Iraqi Prime Minister Haider al-Abadi who was once written off as a “weak functionary” is now more popular than ever and is systematically defying predictions of Baghdad’s doom, writes Ishaan Tharoor in The Washington Post.
“After championing the reconquest of Mosul, Abadi has over the past month forcefully stared down a Kurdish independence bid and extended the Iraqi government’s reach into disputed areas controlled by Kurdish militias since 2014.”
“Abadi is keen to latch on to that success story and steer Iraq out of the shadow of war and ruin. But that doesn’t mean he’s inclined to do America’s bidding. Just this week he rebuffed a request from Secretary of State Rex Tillerson to disband elements of the Popular Mobilization Forces, predominantly Shiite paramilitary forces that were crucial to the war effort against the Islamic State. U.S. officials see some of these units as Iranian proxies.”
“But Abadi is no Iranian stooge, either. He has recently courted a range of countries hostile to Tehran — including Saudi Arabia and Egypt — in a bid to win further investment in Iraq.”
“And he refuses to accept the idea of his country as a battleground for larger geopolitical games. ‘We would like to work with you, both of you,’ Abadi said of the United States and Iran, in his interview with The Post. ‘But please don’t bring your trouble inside Iraq. You can sort it anywhere else.’”
Brussels’ unenviable record on sexual harassment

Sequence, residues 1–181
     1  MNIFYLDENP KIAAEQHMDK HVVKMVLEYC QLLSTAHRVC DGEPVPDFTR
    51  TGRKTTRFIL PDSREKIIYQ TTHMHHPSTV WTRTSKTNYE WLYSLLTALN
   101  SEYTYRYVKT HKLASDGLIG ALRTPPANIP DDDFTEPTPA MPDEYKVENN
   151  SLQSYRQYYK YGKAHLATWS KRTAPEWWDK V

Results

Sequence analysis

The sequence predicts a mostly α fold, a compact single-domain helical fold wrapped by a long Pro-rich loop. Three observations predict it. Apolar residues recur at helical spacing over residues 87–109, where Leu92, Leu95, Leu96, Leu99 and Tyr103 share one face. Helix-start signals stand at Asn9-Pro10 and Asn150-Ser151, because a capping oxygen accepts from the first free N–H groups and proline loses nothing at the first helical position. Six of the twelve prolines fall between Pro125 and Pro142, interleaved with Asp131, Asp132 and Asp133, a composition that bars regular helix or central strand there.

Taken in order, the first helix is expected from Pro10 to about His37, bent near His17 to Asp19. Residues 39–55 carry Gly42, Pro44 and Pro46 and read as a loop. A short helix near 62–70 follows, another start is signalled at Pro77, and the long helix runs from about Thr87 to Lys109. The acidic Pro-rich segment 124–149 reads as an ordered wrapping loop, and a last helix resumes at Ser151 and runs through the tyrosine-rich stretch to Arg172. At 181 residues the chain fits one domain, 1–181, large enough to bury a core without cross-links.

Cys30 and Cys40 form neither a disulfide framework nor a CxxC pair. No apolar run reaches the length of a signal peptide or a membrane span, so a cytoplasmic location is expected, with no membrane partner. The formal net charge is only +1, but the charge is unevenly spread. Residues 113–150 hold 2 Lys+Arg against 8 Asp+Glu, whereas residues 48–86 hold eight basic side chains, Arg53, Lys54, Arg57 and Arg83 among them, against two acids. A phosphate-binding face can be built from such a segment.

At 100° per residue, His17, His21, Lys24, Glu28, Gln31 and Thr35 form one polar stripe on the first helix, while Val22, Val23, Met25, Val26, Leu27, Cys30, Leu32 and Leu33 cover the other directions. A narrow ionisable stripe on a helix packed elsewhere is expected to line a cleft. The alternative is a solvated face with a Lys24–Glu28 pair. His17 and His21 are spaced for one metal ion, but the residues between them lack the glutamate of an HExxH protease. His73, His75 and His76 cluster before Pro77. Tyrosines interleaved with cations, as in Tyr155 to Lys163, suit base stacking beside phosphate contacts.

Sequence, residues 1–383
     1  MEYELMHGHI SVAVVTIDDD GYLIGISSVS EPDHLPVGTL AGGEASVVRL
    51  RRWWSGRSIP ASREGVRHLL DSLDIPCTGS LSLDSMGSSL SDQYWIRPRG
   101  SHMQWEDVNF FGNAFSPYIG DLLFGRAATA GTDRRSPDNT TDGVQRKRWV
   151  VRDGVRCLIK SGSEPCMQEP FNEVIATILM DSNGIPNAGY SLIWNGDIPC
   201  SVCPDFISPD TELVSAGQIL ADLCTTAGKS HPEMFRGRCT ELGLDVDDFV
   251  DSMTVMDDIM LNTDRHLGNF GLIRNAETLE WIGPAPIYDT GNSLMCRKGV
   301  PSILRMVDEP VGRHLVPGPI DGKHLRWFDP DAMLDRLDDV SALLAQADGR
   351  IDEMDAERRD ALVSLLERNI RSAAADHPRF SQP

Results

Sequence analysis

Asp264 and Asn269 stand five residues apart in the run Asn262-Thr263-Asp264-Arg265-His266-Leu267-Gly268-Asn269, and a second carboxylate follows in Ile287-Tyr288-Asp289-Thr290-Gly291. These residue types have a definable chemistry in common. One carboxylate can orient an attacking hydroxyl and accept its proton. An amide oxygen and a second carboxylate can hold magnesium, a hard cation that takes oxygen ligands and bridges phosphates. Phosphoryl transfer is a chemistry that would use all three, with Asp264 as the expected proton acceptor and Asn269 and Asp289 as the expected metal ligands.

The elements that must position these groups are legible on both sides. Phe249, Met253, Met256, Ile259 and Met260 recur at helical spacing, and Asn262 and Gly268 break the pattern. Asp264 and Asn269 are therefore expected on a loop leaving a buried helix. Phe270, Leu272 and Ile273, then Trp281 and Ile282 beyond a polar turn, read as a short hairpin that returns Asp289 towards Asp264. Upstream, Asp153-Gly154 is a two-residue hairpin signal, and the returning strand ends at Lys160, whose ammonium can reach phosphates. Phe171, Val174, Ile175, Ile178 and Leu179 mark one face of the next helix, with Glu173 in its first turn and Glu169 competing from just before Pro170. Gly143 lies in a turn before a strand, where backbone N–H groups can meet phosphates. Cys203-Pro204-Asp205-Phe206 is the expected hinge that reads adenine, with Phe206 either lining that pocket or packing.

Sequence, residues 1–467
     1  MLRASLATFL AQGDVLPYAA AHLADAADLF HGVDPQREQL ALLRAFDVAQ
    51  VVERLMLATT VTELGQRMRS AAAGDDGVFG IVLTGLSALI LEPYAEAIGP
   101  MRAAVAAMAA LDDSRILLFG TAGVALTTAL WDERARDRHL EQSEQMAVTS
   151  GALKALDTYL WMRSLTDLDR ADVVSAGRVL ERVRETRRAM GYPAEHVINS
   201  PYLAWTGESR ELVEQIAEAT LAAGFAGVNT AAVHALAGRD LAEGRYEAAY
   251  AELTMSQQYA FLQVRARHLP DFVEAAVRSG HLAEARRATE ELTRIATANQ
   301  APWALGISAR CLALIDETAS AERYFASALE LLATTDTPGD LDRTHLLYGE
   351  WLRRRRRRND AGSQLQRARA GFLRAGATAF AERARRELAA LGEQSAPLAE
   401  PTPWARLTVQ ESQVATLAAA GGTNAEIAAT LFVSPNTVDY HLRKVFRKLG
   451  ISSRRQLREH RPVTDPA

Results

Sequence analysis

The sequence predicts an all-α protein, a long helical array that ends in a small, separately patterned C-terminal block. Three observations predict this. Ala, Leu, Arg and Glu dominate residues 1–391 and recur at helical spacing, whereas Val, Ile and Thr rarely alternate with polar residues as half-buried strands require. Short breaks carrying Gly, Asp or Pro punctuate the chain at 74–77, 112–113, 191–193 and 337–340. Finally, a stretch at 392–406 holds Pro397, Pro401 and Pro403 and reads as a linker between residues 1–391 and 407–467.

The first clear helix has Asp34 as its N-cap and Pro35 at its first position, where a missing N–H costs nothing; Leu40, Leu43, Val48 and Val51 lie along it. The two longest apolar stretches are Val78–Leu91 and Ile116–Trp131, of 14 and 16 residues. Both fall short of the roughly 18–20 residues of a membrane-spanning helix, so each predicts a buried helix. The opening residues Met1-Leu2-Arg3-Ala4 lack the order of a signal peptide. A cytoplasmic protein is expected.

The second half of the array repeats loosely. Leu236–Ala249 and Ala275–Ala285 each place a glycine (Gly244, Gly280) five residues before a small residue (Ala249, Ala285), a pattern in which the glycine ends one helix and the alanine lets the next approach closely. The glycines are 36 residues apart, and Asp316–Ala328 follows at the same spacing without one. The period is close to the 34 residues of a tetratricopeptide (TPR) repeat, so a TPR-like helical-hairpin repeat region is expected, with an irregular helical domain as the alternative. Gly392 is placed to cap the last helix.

Sexual harassment is one of the most pervasive forms of violence against women in the European Union, writes Joanna Maycock in Politico EU. And, “in most cases, it remains invisible, too often unreported and trivialized.”
“Brussels has introduced policies to tackle sexual harassment, but not enough attention has been paid to making women feel safe enough to come forward and report incidents of abuse.
Women — unfortunately quite rightly — sense that there are no real mechanisms to ensure perpetrators are adequately punished. Worse, they often feel that the consequences of reporting an incident will be worse for the victim than for their aggressor,” she rues.
“If European Commission President Jean-Claude Juncker’s plan to increase the number of women in decision-making positions to 40 percent by 2020 is to be successful, a cultural shift needs to take place in Brussels. Taking action and holding perpetrators accountable shouldn’t merely be an exercise in PR or damage control.”
“It’s high time the EU shows it won’t stand for sexist behavior. Women’s voices are too many and too loud to ignore.”